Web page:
Cloud.toml

Generate the artifacts

Execute the bal build command to build the Ballerina package and view the output below. If you haven't added the cloud option to Ballerina.toml file, you can execute bal build --cloud=docker to generate the artifacts and build the package by providing the build option inline.

$> bal build
Compiling source
        wso2/hello_docker:0.1.0

Generating executable

Generating artifacts...

        @kubernetes:Docker                       - complete 2/2 

        Execute the below command to run the generated docker image: 
        docker run -d -p 9090:9090 wso2inc/hello:v0.1.0

        target/bin/hello_docker.jar

Before invoking the container, let’s observe the Dockerfile below that has been generated. This is a Dockerfile created by the compiler extension from your code to run your HTTP service in the Docker environment easily.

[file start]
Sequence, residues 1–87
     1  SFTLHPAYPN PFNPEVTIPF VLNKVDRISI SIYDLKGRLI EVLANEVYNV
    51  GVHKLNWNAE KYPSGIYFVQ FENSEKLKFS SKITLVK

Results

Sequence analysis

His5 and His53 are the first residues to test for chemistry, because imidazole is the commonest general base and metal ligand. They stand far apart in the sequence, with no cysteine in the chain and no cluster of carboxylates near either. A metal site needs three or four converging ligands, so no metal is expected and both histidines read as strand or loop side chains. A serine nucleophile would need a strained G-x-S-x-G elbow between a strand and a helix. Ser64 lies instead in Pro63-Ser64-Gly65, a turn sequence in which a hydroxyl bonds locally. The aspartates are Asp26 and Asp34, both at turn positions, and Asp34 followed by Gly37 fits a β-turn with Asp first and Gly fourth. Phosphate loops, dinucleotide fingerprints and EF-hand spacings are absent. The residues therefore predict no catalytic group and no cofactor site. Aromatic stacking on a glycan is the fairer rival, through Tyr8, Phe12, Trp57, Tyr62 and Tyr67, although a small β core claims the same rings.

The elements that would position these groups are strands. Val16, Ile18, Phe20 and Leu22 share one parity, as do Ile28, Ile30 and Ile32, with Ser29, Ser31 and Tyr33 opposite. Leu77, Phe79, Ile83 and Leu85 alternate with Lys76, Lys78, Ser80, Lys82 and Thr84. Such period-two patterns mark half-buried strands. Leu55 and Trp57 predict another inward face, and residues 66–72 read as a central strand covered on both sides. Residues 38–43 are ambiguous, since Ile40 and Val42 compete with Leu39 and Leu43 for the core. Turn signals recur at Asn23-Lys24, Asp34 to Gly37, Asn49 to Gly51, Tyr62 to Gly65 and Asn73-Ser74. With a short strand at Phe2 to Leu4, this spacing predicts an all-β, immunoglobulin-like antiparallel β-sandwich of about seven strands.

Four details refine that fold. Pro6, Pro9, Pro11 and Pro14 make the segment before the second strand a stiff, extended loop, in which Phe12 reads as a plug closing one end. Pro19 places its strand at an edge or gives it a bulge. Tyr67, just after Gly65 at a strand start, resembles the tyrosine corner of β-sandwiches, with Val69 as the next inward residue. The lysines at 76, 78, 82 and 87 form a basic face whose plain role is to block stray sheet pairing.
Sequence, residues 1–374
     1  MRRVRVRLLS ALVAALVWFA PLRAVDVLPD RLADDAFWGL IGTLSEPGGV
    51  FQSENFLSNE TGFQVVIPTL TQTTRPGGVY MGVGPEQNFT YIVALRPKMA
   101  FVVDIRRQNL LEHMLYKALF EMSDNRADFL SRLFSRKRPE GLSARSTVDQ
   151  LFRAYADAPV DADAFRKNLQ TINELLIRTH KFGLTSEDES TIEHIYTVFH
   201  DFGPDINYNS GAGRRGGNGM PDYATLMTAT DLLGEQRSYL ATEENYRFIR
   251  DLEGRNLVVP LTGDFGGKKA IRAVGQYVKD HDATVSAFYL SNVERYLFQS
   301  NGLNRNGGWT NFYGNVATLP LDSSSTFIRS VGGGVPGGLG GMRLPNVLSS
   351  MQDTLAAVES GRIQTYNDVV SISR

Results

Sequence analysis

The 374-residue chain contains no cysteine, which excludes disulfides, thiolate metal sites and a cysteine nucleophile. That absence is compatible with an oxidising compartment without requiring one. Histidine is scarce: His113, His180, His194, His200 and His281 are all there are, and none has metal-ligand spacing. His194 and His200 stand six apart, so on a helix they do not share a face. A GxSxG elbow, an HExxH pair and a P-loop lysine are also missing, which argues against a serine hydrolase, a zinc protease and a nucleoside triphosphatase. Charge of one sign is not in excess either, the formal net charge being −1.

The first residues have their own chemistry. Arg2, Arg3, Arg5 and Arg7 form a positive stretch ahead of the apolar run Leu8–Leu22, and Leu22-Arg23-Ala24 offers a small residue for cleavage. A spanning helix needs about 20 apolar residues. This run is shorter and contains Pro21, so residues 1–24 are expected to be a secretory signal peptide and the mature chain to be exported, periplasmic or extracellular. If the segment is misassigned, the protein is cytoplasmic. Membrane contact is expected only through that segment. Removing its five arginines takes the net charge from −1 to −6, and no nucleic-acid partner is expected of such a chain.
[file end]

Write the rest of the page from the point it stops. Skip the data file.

target/docker/hello/Dockerfile

# Auto Generated Dockerfile
FROM ballerina/jre11:v1

LABEL maintainer="dev@ballerina.io"

COPY ballerina-http-2.2.0.jar /home/ballerina/jars/ 
COPY ballerina-io-1.2.0.jar /home/ballerina/jars/ 
COPY wso2-hello_docker-0.1.0.jar /home/ballerina/jars/ 
...

RUN addgroup troupe \
    && adduser -S -s /bin/bash -g 'ballerina' -G troupe -D ballerina \
    && apk add --update --no-cache bash \
    && chown -R ballerina:troupe /usr/bin/java \
    && rm -rf /var/cache/apk/*

WORKDIR /home/ballerina
COPY wso2-hello_docker-0.1.0.jar /home/ballerina

EXPOSE  9090
USER ballerina

CMD java -Xdiag -cp "wso2-hello_docker-0.1.0.jar:jars/*" 'wso2/hello_docker/0/$_init' || cat ballerina-internal.log